Class 10. Ring Formation from pai-Conjugation – Electrocyclizations (Thermal & Photochemical Reactions); Cycloadditions (Diels-Alder Reactions); Sigmatropic Rearrangements (Cope Rearrangement, Claisen (General, Johson-Claisen, Eschenmoser-Claisen, Ireland-Claisen) Rearrangements, Sulfoxide Formation Through [2,3] Sigmatropic Rearrangement).
Class 11. Ring Expansion or Ring Shrinking Reactions --- Baeyer Villiger Oxidation; Beckmann Rearrangement; Tiffeneau-Demjanov Rearrangement; Favoskii Rearrangement; Wagner Meerwein Rearrangement.
Class 12-13. Organotransition Metal Chemistry: Electronegativity Differences and Organometal Reactions; Pd-catalyzed Cross Couplings (Negishi, Kumada, Stille, Suzuki-Miyaura, Sonogashira, Hiyama, Mizoroki-Heck Cross Couplings).
Class 14. Organotransition Metal Chemistry: Oranometal Catalyzed Metathesis (Grubbs & Schrocks Catalysts and the Cyclic Metathesis); Zigler-Natta Catalysis; Wilkinson Reduction.
Class 15. Assessment of Overall Classes (Final Test and Solution Process).
|Organic Chemistry: Structure and Function (Seventh Edition), Peter C. Vollhardt and Neil E. Schore, (W. H. Freeman and Company), New York, 2014, Chapters 21, 23-26.|
|1. Organic Chemistry (Second edition), Jonathan Clayden, Nick Greeves, and Stuart Warren, Oxford, 2012, Chapters 29-30, and 40.
2. Advanced Organic Chemistry (Part B: Reaction and Synthesis, Fifth Edition), Francis A. Carey, Richard J. Sundberg, Springer, 2007, Chapters 7-8.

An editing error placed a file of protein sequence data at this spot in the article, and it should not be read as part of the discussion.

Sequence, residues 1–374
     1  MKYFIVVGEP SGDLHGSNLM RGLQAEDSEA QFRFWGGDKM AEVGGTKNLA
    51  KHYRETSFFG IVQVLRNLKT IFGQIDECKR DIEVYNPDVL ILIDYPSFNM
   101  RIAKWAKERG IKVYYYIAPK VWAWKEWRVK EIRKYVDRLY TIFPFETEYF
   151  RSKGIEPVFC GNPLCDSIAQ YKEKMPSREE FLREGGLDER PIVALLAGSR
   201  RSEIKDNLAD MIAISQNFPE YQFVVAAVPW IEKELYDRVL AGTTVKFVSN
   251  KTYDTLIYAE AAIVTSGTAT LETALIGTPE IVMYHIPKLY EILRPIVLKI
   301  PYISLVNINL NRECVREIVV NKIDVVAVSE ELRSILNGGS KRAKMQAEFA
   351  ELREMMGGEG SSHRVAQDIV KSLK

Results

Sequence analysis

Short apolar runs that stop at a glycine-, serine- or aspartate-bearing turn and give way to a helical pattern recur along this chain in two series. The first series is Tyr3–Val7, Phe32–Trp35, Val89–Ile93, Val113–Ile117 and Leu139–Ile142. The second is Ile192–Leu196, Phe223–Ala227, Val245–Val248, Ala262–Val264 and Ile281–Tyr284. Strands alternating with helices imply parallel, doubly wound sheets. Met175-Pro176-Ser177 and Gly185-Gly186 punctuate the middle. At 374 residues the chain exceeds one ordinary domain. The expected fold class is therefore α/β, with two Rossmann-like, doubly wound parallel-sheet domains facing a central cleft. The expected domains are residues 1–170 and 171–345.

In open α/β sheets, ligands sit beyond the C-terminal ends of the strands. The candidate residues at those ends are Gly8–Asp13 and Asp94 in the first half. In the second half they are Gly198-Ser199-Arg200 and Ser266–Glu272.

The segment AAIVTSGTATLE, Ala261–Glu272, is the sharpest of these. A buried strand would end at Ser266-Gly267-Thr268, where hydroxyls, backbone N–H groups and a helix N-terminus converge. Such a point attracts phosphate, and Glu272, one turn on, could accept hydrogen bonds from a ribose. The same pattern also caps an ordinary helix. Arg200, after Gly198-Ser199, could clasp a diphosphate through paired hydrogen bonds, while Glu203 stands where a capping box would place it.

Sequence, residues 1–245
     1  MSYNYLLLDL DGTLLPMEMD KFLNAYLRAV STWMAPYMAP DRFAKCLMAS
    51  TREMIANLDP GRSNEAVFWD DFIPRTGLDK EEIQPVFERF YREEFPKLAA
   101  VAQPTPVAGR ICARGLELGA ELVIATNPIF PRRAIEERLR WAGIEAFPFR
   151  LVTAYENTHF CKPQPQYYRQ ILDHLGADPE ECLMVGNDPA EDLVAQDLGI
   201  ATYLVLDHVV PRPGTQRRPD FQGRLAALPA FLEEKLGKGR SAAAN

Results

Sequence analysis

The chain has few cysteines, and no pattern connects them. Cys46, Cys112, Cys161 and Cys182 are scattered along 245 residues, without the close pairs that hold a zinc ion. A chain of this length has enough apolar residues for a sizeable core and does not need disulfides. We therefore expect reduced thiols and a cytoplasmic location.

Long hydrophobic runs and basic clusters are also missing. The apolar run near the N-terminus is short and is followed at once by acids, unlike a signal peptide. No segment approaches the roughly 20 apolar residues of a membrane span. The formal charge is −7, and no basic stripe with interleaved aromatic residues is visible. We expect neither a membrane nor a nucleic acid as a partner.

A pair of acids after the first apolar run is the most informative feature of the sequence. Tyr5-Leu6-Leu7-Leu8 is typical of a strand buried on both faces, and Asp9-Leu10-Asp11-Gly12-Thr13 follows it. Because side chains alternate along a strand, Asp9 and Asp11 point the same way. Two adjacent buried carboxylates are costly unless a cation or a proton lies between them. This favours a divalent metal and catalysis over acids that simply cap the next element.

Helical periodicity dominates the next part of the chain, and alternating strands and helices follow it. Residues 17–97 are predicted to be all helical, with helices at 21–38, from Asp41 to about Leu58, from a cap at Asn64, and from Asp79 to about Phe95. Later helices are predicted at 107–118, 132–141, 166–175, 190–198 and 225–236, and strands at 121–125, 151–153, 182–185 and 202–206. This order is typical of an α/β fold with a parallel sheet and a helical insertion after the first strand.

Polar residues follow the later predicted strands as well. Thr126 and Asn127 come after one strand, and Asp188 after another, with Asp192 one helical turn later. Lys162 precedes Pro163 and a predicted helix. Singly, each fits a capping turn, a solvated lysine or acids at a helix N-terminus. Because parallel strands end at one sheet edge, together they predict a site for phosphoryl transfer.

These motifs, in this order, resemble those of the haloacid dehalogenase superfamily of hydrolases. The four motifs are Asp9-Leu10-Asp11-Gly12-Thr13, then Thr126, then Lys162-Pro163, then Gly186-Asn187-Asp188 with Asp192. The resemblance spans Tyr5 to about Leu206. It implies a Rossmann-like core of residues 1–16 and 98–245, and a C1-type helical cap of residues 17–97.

3. Organometallic Chemistry (Second Edition), Gary O. Spessard, Gary L. Miessler, Oxford, 2010.
|Examination (total 70%: midterm (30%) and final (40%)), Assessment of Homework (30%): Credits will be awarded to those students who score 60 or more. Grades are as follows: S(x≧90), A(90>x≧80), B(80>x≧70), C(70>x≧60), and F(60>x). The assessment methods will be reconsidered following a pandemic condition.|
|Submission of "Course Withdrawal Request Form is necessary to withdraw the course. The student needs to contact the course instructor when the student wants to withdraw from the course.
In the cases of any unavoidable reasons such as sickness, accident, or no attendance school, the student may get a grade of 'Absent' through the judgment of the course instructor and the student when the student submits a 'Course Withdrawal Request Form' to receive the 'Absent' grade. No submission of sickness/absence reports and lack of attendance score will result in an 'F' grade: It is for the protection of other attendances in the corresponding course from the frequent absences of the specific/uncertain student(s).
This assessment can be reconsidered within pandemic conditions where the attendance can be replaced with the submission of assignments.
|Students can communicate with the course instructor face-to-face either in the class or through the appointment. Communication through emails (instructor's e-mail: firstname.lastname@example.org and email@example.com) is also available.
Students are recommended to review the lectures by solving the related homework questions. Each assignment is due by the start of the next class if it is not specially announced.